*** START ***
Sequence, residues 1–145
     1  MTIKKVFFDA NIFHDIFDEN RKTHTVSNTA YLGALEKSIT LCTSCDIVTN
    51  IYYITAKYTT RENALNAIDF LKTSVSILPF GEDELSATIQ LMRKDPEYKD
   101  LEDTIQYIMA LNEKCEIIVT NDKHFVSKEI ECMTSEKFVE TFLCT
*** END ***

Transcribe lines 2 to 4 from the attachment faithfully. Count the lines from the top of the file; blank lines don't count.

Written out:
     1  MTIKKVFFDA NIFHDIFDEN RKTHTVSNTA YLGALEKSIT LCTSCDIVTN
    51  IYYITAKYTT RENALNAIDF LKTSVSILPF GEDELSATIQ LMRKDPEYKD
   101  LEDTIQYIMA LNEKCEIIVT NDKHFVSKEI ECMTSEKFVE TFLCT